Many times I hear from patients “I’m doing everything right but still can’t lose weight”. Under normal physiological conditions, the body has no trouble giving up fat. If this not the case, we must dig deeper.
First let’s look at blood sugar.
Imbalance of blood sugar weather it’s insulin resistance (chronically elevated blood sugar levels), or hypoglycemia (blood sugar fluctuations (sometimes have, sometimes low); both result in elevated insulin levels. Insulin resistance is when glucose can no longer effectively enter into the cell. Because blood sugar is not entering the cells, it stays in general circulation rather than being stored. The body then produces higher levels of insulin to remove the glucose from the blood stream which causes greater metabolic dysfunction. Hypoglycemics will have periods of low blood sugar and therefore surges of insulin, rather than chronically elevated levels. During periods of low blood sugar, adrenaline is often used to elevate blood sugar, causing a sharp rise in glucose and insulin.
- Feels better after meals
- Sugar cravings before meals
- May have difficulty staying asleep
Insulin Resistant Tendencies
- Feels tired after meals
- Sugar cravings after meals
- May have difficulty getting to sleep
Second fat loss barrier can be the Adrenal System.
The adrenal glands are your body’s primary defense for managing stress. When the adrenal glands are activated, they produce a number of hormones that help the body deal with both acute and chronic stressors. One hormone is cortisol. Cortisols primary function is to increase blood sugar levels so your brain, muscles and organs have enough fuel to get you through a stressful situation. Problems occur when stress becomes chronic.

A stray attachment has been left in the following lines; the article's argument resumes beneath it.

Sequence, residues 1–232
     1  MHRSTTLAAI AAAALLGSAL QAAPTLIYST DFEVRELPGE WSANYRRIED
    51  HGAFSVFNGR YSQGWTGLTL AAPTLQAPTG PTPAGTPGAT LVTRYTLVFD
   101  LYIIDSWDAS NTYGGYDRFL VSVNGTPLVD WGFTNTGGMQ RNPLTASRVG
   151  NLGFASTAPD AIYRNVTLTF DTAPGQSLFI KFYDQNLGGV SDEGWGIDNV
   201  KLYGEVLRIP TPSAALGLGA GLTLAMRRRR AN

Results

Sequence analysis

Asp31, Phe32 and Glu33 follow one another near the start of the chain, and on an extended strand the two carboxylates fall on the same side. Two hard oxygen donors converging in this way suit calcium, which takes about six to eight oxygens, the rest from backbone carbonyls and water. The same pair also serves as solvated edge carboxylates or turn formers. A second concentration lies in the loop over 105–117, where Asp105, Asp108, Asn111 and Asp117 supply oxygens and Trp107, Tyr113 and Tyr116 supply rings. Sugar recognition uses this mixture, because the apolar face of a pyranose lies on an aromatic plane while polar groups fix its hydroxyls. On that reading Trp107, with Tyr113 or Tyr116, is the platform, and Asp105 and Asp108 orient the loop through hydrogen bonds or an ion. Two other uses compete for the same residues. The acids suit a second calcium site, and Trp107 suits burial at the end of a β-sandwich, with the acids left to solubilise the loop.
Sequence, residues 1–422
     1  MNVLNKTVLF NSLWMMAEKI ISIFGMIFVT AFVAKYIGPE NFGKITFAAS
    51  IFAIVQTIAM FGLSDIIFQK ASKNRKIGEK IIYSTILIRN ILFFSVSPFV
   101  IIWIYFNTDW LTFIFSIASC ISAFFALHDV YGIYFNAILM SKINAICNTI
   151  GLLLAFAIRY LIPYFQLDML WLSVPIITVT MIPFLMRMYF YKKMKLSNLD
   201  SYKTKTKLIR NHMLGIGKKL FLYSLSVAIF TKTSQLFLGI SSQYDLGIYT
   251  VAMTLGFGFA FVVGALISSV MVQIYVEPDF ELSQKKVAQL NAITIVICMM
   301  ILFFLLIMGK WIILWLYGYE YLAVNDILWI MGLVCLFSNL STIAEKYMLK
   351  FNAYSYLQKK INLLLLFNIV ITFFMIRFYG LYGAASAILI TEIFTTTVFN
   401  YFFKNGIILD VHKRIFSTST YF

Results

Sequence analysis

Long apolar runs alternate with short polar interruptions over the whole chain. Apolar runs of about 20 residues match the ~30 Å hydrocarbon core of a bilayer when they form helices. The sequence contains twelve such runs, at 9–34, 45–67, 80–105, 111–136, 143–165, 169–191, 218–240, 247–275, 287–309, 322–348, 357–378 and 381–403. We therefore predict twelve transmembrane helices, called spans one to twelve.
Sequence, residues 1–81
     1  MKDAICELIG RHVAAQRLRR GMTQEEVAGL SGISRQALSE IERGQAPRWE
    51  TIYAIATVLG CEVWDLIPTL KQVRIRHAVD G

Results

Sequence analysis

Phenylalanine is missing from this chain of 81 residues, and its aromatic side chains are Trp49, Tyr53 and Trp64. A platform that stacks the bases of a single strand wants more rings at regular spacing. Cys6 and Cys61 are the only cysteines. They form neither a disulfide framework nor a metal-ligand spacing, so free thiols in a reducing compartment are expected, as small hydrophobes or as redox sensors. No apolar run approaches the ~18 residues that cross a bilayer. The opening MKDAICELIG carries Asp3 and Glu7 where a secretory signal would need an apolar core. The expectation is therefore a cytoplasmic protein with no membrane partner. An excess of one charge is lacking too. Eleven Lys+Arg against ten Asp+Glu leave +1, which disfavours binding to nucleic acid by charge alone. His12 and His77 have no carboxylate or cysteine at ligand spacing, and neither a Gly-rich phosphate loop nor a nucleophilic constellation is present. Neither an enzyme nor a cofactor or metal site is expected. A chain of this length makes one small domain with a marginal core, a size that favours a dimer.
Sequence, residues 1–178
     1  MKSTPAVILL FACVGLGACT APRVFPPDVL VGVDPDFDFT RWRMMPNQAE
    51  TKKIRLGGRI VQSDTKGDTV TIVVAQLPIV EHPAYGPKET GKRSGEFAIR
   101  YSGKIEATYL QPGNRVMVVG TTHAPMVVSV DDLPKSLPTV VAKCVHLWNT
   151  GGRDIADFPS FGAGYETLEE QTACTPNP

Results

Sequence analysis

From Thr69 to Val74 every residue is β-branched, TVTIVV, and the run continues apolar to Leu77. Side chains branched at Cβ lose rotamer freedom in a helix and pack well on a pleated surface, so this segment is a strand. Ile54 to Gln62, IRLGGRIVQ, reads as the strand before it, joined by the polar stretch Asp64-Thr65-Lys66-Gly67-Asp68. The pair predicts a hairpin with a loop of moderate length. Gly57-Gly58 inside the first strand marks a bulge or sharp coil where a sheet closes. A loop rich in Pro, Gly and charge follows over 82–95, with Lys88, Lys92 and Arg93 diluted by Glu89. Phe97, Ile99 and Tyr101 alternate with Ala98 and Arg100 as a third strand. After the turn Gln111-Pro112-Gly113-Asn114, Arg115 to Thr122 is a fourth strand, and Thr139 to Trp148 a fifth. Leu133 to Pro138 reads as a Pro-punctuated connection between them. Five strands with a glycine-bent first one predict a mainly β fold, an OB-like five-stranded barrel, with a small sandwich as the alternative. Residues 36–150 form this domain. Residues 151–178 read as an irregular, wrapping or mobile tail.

Chronically elevated levels of cortisol will increase blood sugar levels, which then elevate insulin levels. This will stop you from burning fat, no matter what exercise or diet program you follow. There are many chronic stressors in today’s society including mental/emotional stress, food sensitivities, blood sugar imbalances, infections (parasitic, bacterial) and excessive exercise. Most effective way of assessing adrenal gland dysfunction is the “Adrenal Salivary Test”. This test uses 4 saliva samples throughout the day assessing levels of salivary cortisol and DHEA. Most functional medicine holistic practitioners will run this test.
Third fat loss barrier is a properly working gastrointestinal system.
How do we know if we have a dysfunctional digestive system?
- Burping after meals
- Undigested food in stool
- Foul smelling stools
- Burning in stomach
- Bad breath
- Feel like a brick in stomach after eating
Also, migraines, allergies, eczema, hormonal imbalances and autoimmune disease all have links to the GI system. One of the best ways to stop the GI problem cycle is to control inflammation in the gut, identify food sensitivities. A strict elimination diet of a 3-6 week period has helped countless people alleviate and identify their problems.
Fourth fat loss barrier would be oxygen.
The cells of our bodies produce ATP (adenosine triphosphate). ATP is the basic energy source for the body allowing cells to function. Without it nothing works correctly- including losing weight. In conventional medicine a decreased ability to deliver oxygen to cells in called anemia, a condition referring to quantitative and qualitative deficiency in red blood cells ability to deliver oxygen to the tissues and organs in the body. While a full discussion on anemia is too extensive to cover here, a start would be getting your doctor to run standard blood work, which should include RBC, hemoglobin, hematocrit, MCV, MCH, MCHC, iron, ferritin and transferrin.